I had a table during open house and passed out samples of the breakfast we serve to our students to the parents. Answered any questions parents had of our breakfast and gave them the print outs of the menus we serve. I also did a presentation on the importance of a healthy balanced breakfast to parents during a parental meeting. And started the day celebrating Dr. Seuss B Day by preparing a balanced green eggs and ham breakfast to our Book Club Students. A few students from the book club helped prepare the breakfast.
What a great idea to involve parents! They play such an important role, and we applaud your efforts to include them in your celebration. Looks like fun was had by all!
From our friends at GrantStation – looks like a great match…
Grants Promote the Family Farm System
Farm Aid supports nonprofit organizations that work to maintain a family farm system of agriculture and that promote solutions to the challenges facing rural communities. Grants of $3,000 to $10,000 are provided in the following categories: Growing the Good Food Movement supports programs that build local and regional food systems, connecting farmers directly to consumers and creating new value-added markets for family farmers. Helping Farmers Thrive focuses on projects that provide farmers with the resources needed to get started on the land, access new markets, transition to more sustainable farming practices, produce renewable fuels, and stay on the land in the face of financial crisis and natural disasters. Taking Action to Change the System funds organizations that promote fair farm policies and grassroots organizing campaigns to defend family farm agriculture. Letters of inquiry are due by May 1, 2015; full proposals must be submitted by August 1, 2015. Grant application guidelines are available on the Farm Aid website.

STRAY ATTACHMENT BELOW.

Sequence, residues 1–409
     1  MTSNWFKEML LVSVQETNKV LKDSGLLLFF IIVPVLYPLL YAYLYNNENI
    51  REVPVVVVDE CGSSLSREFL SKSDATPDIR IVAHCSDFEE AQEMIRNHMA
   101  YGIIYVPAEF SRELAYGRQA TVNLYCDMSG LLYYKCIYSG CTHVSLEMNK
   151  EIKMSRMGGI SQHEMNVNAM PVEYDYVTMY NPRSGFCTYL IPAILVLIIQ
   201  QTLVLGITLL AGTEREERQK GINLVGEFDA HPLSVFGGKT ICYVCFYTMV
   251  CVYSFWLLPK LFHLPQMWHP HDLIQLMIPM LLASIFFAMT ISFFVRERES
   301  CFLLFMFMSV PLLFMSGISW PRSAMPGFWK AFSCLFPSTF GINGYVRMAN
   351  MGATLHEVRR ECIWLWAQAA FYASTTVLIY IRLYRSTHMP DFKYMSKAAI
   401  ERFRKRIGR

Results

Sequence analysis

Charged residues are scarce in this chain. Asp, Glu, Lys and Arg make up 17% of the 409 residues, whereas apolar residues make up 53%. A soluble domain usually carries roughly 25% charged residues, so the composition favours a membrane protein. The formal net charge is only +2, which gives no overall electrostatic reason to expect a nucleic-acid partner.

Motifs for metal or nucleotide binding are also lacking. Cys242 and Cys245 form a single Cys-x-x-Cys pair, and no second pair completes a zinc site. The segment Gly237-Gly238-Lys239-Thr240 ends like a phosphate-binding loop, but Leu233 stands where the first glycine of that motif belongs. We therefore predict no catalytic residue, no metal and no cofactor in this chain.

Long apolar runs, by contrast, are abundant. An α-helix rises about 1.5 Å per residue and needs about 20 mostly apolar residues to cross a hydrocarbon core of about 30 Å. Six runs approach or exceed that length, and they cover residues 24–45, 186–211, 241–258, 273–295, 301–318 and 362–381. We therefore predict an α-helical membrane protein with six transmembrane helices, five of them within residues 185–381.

National Nutrition Month is in full swing and this year’s theme “Bite into a Healthy Lifestyle” is focused on the importance of making informed food choices and developing healthy eating and physical activity habits. Here are some simple tips from ChooseMyPlate.gov that will get you on your way towards a healthier lifestyle:
• Find out how many calories YOU need for a day. Go to www.ChooseMyPlate.gov to find your calorie level.
• Enjoy your food, but eat less.
• Avoid oversized portions.
• Make half your plate fruits and vegetables.
• Switch to fat-free or low-fat (1%) milk.
• Make half your grains whole grains.
• Cut back on foods high in solid fats, added sugars, and salt.
• Choose lower sodium versions of foods like soup, bread, and frozen meals.
• Drink water instead of sugary drinks.
• Be physically active your way with activities you enjoy.
For more tips check out Learning ZoneXpress’ array of MyPlate nutrition resources to help guide you as you “Bite into a Healthy Lifestyle”.
Paulding County School District celebrated National School Breakfast Week with a creative coloring contest!
We ask children to color our NSBW coloring sheet. In order to get a coloring sheet we encourage the children to come eat breakfast with us. On Friday the winner of the coloring contest will win a tony the tiger pillow. During this week we are going to the schools dressed up as an apple and carrot and encouraging the children to come eat breakfast with us.
We absolutely love the costumes. What a fabulous way to get the attention of your students and send a positive, health message! Way to go Paulding County!